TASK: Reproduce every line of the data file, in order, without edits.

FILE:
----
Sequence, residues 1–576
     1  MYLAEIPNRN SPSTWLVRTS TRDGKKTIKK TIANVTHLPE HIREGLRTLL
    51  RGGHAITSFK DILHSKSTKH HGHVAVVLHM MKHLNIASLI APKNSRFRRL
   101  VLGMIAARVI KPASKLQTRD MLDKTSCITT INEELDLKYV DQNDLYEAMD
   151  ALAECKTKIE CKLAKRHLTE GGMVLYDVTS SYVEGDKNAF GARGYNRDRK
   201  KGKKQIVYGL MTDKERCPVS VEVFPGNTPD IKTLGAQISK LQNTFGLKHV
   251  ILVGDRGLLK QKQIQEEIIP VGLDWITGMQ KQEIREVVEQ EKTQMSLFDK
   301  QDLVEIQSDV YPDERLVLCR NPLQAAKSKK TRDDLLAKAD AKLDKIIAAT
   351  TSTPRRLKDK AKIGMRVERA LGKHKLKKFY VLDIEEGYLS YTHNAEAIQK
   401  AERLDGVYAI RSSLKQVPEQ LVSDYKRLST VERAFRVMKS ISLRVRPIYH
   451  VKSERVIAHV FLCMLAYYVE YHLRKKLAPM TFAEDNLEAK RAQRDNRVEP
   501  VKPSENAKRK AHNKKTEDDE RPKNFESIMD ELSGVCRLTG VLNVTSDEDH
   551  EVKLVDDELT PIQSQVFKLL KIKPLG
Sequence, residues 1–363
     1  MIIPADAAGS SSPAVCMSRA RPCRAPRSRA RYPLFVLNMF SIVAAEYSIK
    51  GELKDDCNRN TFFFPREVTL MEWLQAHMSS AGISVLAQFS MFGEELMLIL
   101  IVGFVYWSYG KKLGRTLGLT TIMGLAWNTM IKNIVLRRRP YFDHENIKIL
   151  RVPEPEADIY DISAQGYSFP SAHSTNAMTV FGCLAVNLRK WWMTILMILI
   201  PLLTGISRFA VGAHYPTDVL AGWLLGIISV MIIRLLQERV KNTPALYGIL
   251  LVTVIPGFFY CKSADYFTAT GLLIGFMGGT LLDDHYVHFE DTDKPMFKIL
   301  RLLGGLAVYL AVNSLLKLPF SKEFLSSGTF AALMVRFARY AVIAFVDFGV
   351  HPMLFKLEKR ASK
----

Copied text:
Sequence, residues 1–576
     1  MYLAEIPNRN SPSTWLVRTS TRDGKKTIKK TIANVTHLPE HIREGLRTLL
    51  RGGHAITSFK DILHSKSTKH HGHVAVVLHM MKHLNIASLI APKNSRFRRL
   101  VLGMIAARVI KPASKLQTRD MLDKTSCITT INEELDLKYV DQNDLYEAMD
   151  ALAECKTKIE CKLAKRHLTE GGMVLYDVTS SYVEGDKNAF GARGYNRDRK
   201  KGKKQIVYGL MTDKERCPVS VEVFPGNTPD IKTLGAQISK LQNTFGLKHV
   251  ILVGDRGLLK QKQIQEEIIP VGLDWITGMQ KQEIREVVEQ EKTQMSLFDK
   301  QDLVEIQSDV YPDERLVLCR NPLQAAKSKK TRDDLLAKAD AKLDKIIAAT
   351  TSTPRRLKDK AKIGMRVERA LGKHKLKKFY VLDIEEGYLS YTHNAEAIQK
   401  AERLDGVYAI RSSLKQVPEQ LVSDYKRLST VERAFRVMKS ISLRVRPIYH
   451  VKSERVIAHV FLCMLAYYVE YHLRKKLAPM TFAEDNLEAK RAQRDNRVEP
   501  VKPSENAKRK AHNKKTEDDE RPKNFESIMD ELSGVCRLTG VLNVTSDEDH
   551  EVKLVDDELT PIQSQVFKLL KIKPLG
Sequence, residues 1–363
     1  MIIPADAAGS SSPAVCMSRA RPCRAPRSRA RYPLFVLNMF SIVAAEYSIK
    51  GELKDDCNRN TFFFPREVTL MEWLQAHMSS AGISVLAQFS MFGEELMLIL
   101  IVGFVYWSYG KKLGRTLGLT TIMGLAWNTM IKNIVLRRRP YFDHENIKIL
   151  RVPEPEADIY DISAQGYSFP SAHSTNAMTV FGCLAVNLRK WWMTILMILI
   201  PLLTGISRFA VGAHYPTDVL AGWLLGIISV MIIRLLQERV KNTPALYGIL
   251  LVTVIPGFFY CKSADYFTAT GLLIGFMGGT LLDDHYVHFE DTDKPMFKIL
   301  RLLGGLAVYL AVNSLLKLPF SKEFLSSGTF AALMVRFARY AVIAFVDFGV
   351  HPMLFKLEKR ASK